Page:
Are you interested in OER but have no idea where to start? Or maybe you are ready to create you own OER and want to share. This guide is a great starting point for learning how to both use and create your own. It was developed as a part of the September 2020 Creative Commons Certificate Course of Librarians and was funding through a North Dakota University System OER Faculty Stipend.
Open Access literature is freely available and openly licensed so everyone can access the information instead of the traditional publishing model. In the traditional publishing model, researchers are funded by governments and foundations for their projects. Then they submit their results to journal publishers and after peer review, their articles are published within academic journals which a generally only accessible through university libraries. These journals can be extremely expensive so only a few people are actually able to access the results. This system limits scholarly conversation and innovation.
Researchers now have a choice to publish their works openly instead of in a traditional journal. Open journals are available with the same system of peer review but without the high cost of access. This makes their research more accessible to everyone.
Open access to research can significantly speed up innovation. This can easily be seen with the current COVID-19 pandemic. Many different companies, universities, hospitals, and organizations are researching the disease and sharing their research openly so everyone can benefit in a greater understanding of the disease itself, how communities can lessen the impact, and which treatments work best, along with the creation of a vaccine. Having this research available openly allows for quicker responses to our ever-changing world. More information is available at UNESCO's Open access to facilitate research and information on COVID-19 webpage.
Looking outside the pandemic, Open Access is important to faculty and students. Libraries cannot afford subscriptions to every academic journal and while InterLibrary Loan does create a system where libraries can obtain a copy of almost any article for a student or faculty member, it is not always possible. Time restraints can also pay a role and force a student for faculty to pay $50-75 to a publisher in order to access a journal article immediately.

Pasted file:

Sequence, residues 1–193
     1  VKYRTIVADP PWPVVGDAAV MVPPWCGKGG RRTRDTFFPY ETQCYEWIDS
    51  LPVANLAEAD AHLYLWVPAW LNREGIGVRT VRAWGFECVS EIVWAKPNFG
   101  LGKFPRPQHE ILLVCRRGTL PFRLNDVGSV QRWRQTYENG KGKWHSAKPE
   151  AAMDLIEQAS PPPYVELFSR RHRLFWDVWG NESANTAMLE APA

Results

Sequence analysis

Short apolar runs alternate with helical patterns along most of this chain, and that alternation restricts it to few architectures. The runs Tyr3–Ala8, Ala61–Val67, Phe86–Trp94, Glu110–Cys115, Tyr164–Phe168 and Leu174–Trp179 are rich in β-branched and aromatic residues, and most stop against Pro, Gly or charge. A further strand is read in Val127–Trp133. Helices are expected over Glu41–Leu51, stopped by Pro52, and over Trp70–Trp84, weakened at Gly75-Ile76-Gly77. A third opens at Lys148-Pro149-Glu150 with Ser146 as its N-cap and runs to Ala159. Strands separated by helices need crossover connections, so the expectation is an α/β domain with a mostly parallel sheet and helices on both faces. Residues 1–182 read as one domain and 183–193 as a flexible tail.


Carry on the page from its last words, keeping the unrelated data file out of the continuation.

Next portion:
Open Educational Resources (OER) are materials used in teaching that are both freely available and openly licensed to remove barriers for both instructors and students. While at first glance, it may seem like anything available on the open web is an OER, that is not true. While the Internet is the most-used platform for OER publishing, simply being available freely online does not mean that a resource openly licensed. OERs contain licenses that allow users to use, adapt, and share the work in a variety of ways. Only content with an open license (generally from Creative Commons) can be called an OER.
"On open educational resources -- Beyond definitions" by opensourceway is licensed under CC BY-SA 2.0
Faculty choosing an OER text for their courses has a lot more benefits than simply saving students money. David Wiley refers to the 5R permissions that help determine what resources can be considered an OER.
This material is an adaptation of Defining the "Open" in Open Content and Open Educational Resources, which was originally written by David Wiley and published freely under a Creative Commons Attribution 4.0 license
OER is a part of the broader Open Access movement. By publishing research in open access journals and teaching your courses with OER textbooks, faculty can show their students the importance of sharing knowledge widely and removing barriers to access. It helps create the social norm that information should be available to everyone and helps open the door to wider educational attainment.
"Open Educational Resources" is a derivative of the September 2020 Creative Commons Certificate Course by Creative Commons, licensed CC BY 4.0. Kelly Kornkven adapted content from the Creative Commons Certificate Course Unit 5 on CC for Librarians, by adapting the content for MSU faculty, staff and student and adding additional CC licensed graphics.